I just realized upon finishing ‘Real Genius’ that I’m really burning through the 1980’s for this blog. I’m glad this one is among the rest though, because it’s a blast, and one of the funniest movies I’ve seen recently. Val Kilmer and Gabriel Jarret star as Chris Knight and Mitch Taylor respectively, in a movie that, while very fun to watch, has a lot of issues as well. Real Genius is at it’s best when Chris and Mitch are dealing with their issues of growing up as geniuses in a world that isn’t very accepting of them socially. They’re a great duo for the first and second acts of the movie, but the third relies so much on explaining the ridiculous plot turns and setting up gags, that the characters take a back seat, and it feels like a missed opportunity to make a truly classic movie.
Real Genius follows 15 year old Mitch Taylor as he is accepted into a prestigious technical university to work on a top secret science project. Also working on it is the legendary Chris Knight, a irreverent slacker who also happens to be brilliant. The two face opposition by their fellow group mate (and teachers pet) Kent, as well as the professor leading the project. What the students don’t know is that they are helping to build a high-powered military laser, capable from disintegrating anyone on Earth from space, within seconds. The plot of the movie goes off the rails around the point they find out what they’ve built, as it gets a little too close to ‘Wargames’ territory, instead of sticking to the great characters it set up.
There are a few things that make me really like this movie, even with its faults. The first is Val Kilmer. I never really felt one way or another about him in anything (except maybe ‘Heat) but my god, he’s great in this. He plays Chris Knight pitch perfect, as the genius, self-aware slacker that he is. I doubt a lot of the physicality he brings to Chris was in the script, because it feels like he improvised a lot in this movie. Other than him, the rest of the actors could have been in any other 80’s teen adventure movie, but Kilmer really helps lift it out of those genre trappings.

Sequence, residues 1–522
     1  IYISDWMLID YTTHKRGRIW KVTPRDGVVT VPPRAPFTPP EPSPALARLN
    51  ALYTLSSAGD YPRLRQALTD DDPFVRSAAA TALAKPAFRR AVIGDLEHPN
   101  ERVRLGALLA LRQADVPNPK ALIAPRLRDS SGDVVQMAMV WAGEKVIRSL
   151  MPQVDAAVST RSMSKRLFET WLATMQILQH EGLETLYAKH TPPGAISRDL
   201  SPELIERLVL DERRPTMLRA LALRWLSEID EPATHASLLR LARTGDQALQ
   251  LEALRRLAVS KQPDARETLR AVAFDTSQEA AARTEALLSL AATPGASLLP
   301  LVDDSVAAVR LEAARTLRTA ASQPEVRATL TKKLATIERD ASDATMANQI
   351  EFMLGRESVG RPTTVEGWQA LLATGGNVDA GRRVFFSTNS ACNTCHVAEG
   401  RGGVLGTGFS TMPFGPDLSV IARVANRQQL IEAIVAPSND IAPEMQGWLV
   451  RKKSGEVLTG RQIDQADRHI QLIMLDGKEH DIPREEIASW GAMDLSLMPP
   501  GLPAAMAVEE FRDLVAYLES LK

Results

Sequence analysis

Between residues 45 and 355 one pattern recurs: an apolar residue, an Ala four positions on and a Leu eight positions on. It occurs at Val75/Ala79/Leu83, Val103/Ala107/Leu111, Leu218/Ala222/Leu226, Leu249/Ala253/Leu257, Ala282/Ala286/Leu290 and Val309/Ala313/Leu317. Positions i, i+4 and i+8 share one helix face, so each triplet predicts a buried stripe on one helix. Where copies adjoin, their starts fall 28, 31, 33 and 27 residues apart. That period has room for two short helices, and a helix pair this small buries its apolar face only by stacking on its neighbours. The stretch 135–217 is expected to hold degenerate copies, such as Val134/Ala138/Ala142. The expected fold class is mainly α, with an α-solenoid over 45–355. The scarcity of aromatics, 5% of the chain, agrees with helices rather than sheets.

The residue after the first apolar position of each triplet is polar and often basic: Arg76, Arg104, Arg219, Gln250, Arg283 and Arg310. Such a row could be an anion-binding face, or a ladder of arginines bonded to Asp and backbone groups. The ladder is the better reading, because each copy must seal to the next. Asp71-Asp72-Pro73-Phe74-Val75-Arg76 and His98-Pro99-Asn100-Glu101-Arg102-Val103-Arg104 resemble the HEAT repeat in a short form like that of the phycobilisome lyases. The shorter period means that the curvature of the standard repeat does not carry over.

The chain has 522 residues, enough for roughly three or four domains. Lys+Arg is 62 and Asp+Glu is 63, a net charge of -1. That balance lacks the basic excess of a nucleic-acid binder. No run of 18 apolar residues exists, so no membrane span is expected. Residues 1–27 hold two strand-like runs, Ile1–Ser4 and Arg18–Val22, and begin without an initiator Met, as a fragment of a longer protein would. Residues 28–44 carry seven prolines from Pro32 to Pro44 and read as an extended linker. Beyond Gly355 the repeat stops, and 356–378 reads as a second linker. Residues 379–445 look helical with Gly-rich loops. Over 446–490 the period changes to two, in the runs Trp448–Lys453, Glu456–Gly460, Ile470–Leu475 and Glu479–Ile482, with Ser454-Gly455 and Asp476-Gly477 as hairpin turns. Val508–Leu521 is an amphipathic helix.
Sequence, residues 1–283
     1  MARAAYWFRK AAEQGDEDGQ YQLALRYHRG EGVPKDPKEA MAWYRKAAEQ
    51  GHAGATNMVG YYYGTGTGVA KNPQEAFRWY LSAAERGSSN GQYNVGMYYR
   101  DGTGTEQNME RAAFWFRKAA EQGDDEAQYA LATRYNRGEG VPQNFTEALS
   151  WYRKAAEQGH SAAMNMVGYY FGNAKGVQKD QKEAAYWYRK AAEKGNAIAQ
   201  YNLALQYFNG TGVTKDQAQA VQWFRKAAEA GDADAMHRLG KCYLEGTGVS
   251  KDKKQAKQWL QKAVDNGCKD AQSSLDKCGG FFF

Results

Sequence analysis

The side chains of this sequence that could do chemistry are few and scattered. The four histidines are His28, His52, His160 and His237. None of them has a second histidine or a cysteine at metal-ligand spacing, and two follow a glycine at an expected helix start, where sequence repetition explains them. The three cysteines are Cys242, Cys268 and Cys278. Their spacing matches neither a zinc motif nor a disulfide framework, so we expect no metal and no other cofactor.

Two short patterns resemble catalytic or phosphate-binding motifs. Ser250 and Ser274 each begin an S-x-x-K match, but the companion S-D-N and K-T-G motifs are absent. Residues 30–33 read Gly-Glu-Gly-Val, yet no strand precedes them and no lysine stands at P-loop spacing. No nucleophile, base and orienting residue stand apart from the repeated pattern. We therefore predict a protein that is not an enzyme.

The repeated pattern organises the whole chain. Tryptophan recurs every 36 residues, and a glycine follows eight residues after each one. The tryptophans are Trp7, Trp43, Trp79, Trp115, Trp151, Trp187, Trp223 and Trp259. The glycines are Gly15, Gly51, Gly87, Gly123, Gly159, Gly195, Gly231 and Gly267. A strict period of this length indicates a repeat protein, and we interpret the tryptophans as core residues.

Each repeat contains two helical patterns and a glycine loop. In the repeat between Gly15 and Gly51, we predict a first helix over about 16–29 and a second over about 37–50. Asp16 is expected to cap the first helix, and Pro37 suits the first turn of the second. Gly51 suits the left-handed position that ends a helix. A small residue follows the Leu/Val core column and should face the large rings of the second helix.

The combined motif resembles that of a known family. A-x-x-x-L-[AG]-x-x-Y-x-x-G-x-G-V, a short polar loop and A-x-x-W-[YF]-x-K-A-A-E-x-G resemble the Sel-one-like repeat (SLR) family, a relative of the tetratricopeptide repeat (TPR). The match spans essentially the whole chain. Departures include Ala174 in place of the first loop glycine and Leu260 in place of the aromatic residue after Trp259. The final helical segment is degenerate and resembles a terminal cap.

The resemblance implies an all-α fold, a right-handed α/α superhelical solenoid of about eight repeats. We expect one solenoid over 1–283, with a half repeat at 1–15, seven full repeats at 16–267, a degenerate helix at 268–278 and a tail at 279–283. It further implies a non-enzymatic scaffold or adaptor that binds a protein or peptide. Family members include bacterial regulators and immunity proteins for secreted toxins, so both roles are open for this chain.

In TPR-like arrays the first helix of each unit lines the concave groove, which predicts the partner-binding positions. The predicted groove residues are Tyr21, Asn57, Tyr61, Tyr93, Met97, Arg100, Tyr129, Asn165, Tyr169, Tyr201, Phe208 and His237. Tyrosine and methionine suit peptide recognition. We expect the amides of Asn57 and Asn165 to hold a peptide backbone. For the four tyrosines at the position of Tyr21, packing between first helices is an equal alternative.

Another thing that was great about Real Genius was its depiction of “nerds”. I use quotes because the movie understands what a nerd really is. They aren’t just social outcasts, or science geeks in this movie. Sure, they’re all incredibly smart, but they’re all different and unique in their own way. It’s a really subversive move on the writer and directors part, and it’d be great if we had more of that open-mindedness in movies today ^cough, cough, TRANSFORMERS, cough^
So that’s gonna wrap up ‘Real Genius’. It also wraps up ‘Brent Watches Movies’ for the month of June (already)! I’m having a lot of fun doing this, and while it’s been hard to keep up with the original daily schedule I planned on, I’m doing my best to stick to it. Like always, let me know if you have any suggestions for this thing, or any movies I should check out. Thanks for reading!